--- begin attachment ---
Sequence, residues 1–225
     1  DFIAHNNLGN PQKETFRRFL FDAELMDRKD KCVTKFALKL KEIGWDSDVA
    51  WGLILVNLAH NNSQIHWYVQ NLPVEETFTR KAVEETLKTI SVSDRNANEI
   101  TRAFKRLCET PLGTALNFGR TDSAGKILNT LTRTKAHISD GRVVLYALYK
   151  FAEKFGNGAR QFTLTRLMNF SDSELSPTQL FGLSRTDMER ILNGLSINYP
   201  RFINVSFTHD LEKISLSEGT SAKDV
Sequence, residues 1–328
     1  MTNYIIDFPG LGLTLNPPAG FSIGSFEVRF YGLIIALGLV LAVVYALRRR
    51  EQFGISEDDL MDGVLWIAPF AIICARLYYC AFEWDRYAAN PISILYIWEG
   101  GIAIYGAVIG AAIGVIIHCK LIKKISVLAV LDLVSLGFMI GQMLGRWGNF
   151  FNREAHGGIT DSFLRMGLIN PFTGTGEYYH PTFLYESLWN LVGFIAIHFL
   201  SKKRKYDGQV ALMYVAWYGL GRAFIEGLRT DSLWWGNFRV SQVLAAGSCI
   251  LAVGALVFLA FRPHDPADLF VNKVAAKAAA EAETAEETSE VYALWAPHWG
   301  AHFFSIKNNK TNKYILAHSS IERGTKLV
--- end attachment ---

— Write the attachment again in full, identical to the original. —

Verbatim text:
Sequence, residues 1–225
     1  DFIAHNNLGN PQKETFRRFL FDAELMDRKD KCVTKFALKL KEIGWDSDVA
    51  WGLILVNLAH NNSQIHWYVQ NLPVEETFTR KAVEETLKTI SVSDRNANEI
   101  TRAFKRLCET PLGTALNFGR TDSAGKILNT LTRTKAHISD GRVVLYALYK
   151  FAEKFGNGAR QFTLTRLMNF SDSELSPTQL FGLSRTDMER ILNGLSINYP
   201  RFINVSFTHD LEKISLSEGT SAKDV
Sequence, residues 1–328
     1  MTNYIIDFPG LGLTLNPPAG FSIGSFEVRF YGLIIALGLV LAVVYALRRR
    51  EQFGISEDDL MDGVLWIAPF AIICARLYYC AFEWDRYAAN PISILYIWEG
   101  GIAIYGAVIG AAIGVIIHCK LIKKISVLAV LDLVSLGFMI GQMLGRWGNF
   151  FNREAHGGIT DSFLRMGLIN PFTGTGEYYH PTFLYESLWN LVGFIAIHFL
   201  SKKRKYDGQV ALMYVAWYGL GRAFIEGLRT DSLWWGNFRV SQVLAAGSCI
   251  LAVGALVFLA FRPHDPADLF VNKVAAKAAA EAETAEETSE VYALWAPHWG
   301  AHFFSIKNNK TNKYILAHSS IERGTKLV